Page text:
Buckingham's Finest

The premise Buckingham’s Finest is one that makes it ripe for satire. Speculation on The Royal Family behind closed doors has been the mincemeat for tenacious sketches from Spitting Image and Alistair McGowan’s Big Impression. For this play to supercede the comedic canon, Who Dunnett Productions needed to be fresh and original. Unfortunately, this play is neither fresh nor original, delivering infantile gags with little more than cursory reference to the subject of parody itself. The production seemed to be under the illusion that the consumption of porn mags, Budweiser and marijuana by the interminably posh constitutes a satire. Their choice to set the play in the year of 1997, covering Tony Blair’s first visit to Windsor as Prime Minister and, of course, the death of Princess Diana.

There was a notable lack of conviction, energy and ability within the cast, with just a few exceptions. While Hattie Lloyd was disappointing as The Queen, displaying sloppy delivery and no determinable attempt to adopt any features of the lady herself in anything other than wig, she was overshadowed by actors with a greater knack for clowning (such as Ian Dunnett, as her son, Charles), failing to take her times in the spotlight to do anything interesting with the character but struggle to recite her words. As Prince Phillip, Adum Bisset tried to resuscitate a lacklustre shooting game between William and Harry with a few well-timed gags but unfortunately the jokes were so toxic that it had the same effect as breathing mustard gas into a corpse. Whilst some of the cast corpsed themselves with the discomfort of having no reason to be on stage, others committed to wholly nonsensical roles. Donald (Ross White) the Scottish butler, a pointless role that could have been played equally well by a dog with opposable thumbs, soldiered on admirably with his shallow doggerel verse - at least, if they had made the role a corgi instead, we, as well as White, might have been spared the bemusement.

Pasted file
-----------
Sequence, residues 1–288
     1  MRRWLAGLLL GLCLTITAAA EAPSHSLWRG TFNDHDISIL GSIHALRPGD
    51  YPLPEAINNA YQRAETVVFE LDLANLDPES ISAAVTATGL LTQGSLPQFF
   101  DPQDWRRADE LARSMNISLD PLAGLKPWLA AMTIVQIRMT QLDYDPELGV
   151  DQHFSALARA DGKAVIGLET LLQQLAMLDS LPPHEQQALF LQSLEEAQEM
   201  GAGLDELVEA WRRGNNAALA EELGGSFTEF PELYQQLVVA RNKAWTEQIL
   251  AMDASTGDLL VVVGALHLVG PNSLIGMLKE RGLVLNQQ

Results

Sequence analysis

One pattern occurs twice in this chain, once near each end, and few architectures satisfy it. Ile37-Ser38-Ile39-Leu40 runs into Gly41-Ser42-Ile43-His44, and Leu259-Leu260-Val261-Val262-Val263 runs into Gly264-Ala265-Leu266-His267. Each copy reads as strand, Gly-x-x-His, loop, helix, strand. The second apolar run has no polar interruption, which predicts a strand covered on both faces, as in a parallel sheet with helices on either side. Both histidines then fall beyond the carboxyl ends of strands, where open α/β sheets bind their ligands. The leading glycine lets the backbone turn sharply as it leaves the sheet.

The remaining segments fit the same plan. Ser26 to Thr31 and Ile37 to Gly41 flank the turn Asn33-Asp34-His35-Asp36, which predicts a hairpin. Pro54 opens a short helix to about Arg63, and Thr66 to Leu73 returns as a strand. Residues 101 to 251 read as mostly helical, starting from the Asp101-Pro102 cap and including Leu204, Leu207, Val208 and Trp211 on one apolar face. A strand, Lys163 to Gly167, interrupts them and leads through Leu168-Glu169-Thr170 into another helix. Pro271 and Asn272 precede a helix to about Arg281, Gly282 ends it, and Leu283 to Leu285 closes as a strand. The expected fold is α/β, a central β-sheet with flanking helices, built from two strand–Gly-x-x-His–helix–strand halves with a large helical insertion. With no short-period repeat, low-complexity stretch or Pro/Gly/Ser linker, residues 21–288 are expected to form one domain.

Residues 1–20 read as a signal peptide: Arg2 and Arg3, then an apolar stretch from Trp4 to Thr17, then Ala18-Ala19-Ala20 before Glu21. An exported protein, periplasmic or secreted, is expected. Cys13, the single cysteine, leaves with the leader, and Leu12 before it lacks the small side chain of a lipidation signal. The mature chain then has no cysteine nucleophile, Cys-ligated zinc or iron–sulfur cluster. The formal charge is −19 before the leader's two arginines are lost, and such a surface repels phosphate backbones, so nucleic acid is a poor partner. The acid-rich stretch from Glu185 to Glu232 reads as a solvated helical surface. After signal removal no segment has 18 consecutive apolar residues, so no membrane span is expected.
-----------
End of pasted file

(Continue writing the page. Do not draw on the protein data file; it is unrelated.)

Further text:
The production did manage to treat the topic of Diana with sensitivity; with clever direction, the media storm was whipped up on stage and was perhaps the most effective scene of the play, yet, to introduce a subject such as this in a comedy drama and give it but a few minutes of attention before hopping along to a faux simulated sex scene between Phil and Queenie demonstrated the production’s lack of commitment to following through with the promises it set up with its topical forecasting references to a binge-drinking Harry or a Philip with a dodgy waterworks.

Those with only a passing knowledge (like, maybe knowing their names, that the granny’s on the pound, or something) to the current British monarchy are more likely to enjoy this off-the-wall farce. I am certainly no monarchist but such is my enthusiasm for mockery of the Royal Family I have a Google Alert for ‘Prince Philip + Racist’ and I suppose that, with so much material, I expected a little too much.

Reviews by Maeve Scullion


The Blurb

A comedy drama about what the British Royal Family could be like behind closed doors. We follow the family on their hilarious and moving journey which is based on a true story.